Dir: David Von Acken
Starring: Liam Neeson, Pierce Brosnan, Michael Wincott
Run. Time: 115mins
Seraphim falls is the latest film in the line of modern Westerns we’ve been treated to. Other examples would be Nick Cave’s The Proposition and the soon to be released 3:10 to Yuma remake. It plots Liam Neeson’s character’s pursuit of Pierce Brosnan’s through Nevada and the characters that cross their bloody path long the way whilst slowly revealing the reason for the feud between the two men.
The film opens very strongly with Brosnan’s character in a snowy wilderness immediately set upon by Neeson and his gang. He’s shot and has to escape. What follows is a powerful sequence with Brosnan fighting the bitter cold and ultimate having to remove the bullet and cauterise the wound. The pain Brosnan portrays here seems very real and more than anything else I’ve seen gives you a sense of how much it must suck to get shot. The only problem with this opening is that we know nothing of either character so there’s a little too much distance between the audiences and those on screen for any real emotional investment. Because of this the sequence does seem to drag a little. Pacing is a problem throughout the film as we are given very little information until quite far in so the audience is alienated a lot of the time, but the film then arguably gives too much information towards the end.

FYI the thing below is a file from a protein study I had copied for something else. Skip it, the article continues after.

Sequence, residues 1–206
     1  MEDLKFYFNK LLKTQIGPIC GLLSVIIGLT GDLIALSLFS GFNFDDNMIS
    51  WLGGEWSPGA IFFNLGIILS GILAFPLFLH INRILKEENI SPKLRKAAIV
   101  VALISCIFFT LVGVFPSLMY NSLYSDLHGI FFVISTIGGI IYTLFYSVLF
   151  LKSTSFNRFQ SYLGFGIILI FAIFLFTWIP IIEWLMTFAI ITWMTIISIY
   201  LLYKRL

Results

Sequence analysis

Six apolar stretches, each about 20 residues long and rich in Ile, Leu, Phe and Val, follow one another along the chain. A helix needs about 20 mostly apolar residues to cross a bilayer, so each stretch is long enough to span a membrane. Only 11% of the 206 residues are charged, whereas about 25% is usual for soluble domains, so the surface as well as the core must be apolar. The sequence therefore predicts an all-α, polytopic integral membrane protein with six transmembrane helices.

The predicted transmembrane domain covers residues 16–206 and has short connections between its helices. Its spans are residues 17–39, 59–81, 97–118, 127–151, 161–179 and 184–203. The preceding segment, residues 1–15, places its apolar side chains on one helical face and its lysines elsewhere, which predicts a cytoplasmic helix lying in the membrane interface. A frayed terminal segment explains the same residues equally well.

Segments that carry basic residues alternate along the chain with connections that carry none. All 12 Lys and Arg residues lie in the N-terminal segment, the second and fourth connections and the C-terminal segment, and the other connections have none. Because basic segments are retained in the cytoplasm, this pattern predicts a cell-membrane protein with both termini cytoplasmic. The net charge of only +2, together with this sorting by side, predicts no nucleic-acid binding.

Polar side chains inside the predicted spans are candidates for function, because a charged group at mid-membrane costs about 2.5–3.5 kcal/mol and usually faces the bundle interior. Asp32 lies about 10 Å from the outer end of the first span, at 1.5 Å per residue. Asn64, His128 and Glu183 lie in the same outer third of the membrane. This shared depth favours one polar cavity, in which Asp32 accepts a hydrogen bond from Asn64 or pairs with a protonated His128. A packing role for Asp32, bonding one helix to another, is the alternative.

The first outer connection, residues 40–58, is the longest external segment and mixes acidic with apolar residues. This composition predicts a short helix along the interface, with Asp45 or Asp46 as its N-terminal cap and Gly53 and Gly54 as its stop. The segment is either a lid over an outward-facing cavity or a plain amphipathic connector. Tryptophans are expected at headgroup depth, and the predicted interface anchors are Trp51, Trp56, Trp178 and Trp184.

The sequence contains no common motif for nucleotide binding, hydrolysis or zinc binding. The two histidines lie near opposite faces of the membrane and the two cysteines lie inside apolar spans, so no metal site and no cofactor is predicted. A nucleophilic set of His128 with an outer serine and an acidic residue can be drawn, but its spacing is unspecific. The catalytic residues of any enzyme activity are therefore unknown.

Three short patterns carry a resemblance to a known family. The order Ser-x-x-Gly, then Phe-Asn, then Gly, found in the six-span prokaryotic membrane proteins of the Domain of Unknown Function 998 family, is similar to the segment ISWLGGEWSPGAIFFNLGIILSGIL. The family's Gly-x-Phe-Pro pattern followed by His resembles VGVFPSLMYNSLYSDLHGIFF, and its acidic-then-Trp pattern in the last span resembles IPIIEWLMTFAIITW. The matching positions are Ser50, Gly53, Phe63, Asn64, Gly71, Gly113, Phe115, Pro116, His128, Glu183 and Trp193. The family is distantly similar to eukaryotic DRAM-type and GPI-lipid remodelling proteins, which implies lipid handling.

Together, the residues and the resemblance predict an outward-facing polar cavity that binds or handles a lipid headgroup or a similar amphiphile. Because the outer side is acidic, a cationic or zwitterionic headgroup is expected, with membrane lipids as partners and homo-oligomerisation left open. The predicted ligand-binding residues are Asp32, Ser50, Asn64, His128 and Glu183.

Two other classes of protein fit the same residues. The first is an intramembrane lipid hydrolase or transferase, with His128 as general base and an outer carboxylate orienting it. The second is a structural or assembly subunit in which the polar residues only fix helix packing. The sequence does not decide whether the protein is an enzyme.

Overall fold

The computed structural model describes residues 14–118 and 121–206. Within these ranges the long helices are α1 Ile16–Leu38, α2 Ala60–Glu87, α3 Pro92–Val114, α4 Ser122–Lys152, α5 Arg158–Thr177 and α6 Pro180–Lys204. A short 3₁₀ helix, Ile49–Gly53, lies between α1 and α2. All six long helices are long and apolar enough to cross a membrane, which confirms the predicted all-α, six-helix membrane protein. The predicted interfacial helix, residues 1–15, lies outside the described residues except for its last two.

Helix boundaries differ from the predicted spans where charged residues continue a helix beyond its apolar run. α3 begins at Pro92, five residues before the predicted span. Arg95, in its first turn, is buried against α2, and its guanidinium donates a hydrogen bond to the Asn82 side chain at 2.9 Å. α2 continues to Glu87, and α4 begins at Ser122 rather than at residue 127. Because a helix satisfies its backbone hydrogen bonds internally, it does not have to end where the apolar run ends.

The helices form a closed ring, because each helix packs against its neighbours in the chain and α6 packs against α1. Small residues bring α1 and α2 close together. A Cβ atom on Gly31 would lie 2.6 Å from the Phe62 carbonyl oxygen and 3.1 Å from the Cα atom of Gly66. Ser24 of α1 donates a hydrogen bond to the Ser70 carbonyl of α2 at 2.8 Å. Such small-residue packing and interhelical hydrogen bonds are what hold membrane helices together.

The film does hit its stride, however, after the men make it off the tundra. Brosnan’s character encounters several other minor characters as he runs, usually caught stealing their horses, and by the way he interacts with them we can start to infer something of his personality. It plays out interestingly as Neeson’s character, on the trail, must meet the same people. We are then given a way to compare the two men and try to discover ourselves what drives them. This continues and is very effective.
Having forgiven the poorly paced opening in light of some excellent character work in the second act the film is let down by its finale. One of the men does something very out of character that serves only to confuse the viewer and the very end becomes extremely odd with a sequence which doesn’t fit with the rest of the film. A sequence that could be a dream, or a hallucination or some attempt to inject spiritualism into the proceedings. If one takes it seriously then it raises questions about the entire film but I don’t think it’s handled well enough to warrant this kind of insight. It breaks the flow of the movie and seems to sacrifice a good storytelling for a lame attempt at high concept.
The ending is something of a let down and holds this back from being a great film. However, it is by no means a bad one either. The film is beautifully shot and there’s a real welcome brutality to the violence and an honesty about it, as has been the case with other modern Westerns. Some of the chase sequences and battles are highly entertaining and original. The acting is very strong, Liam Neeson doing a better job of an accent that Pierce Brosnan. The supporting cast is solid and the storytelling up until the final act is intriguing and compelling. The costume design and make up are also top-notch. This film is certainly worth a watch and is an addition to the Western genre, but it holds itself back from being a classic.
In brief: An enjoyable, brutal, original Western and character piece, well acted and shot but let down by pacing problems and a poor final act.
Originally posted Friday, 17 August 2007.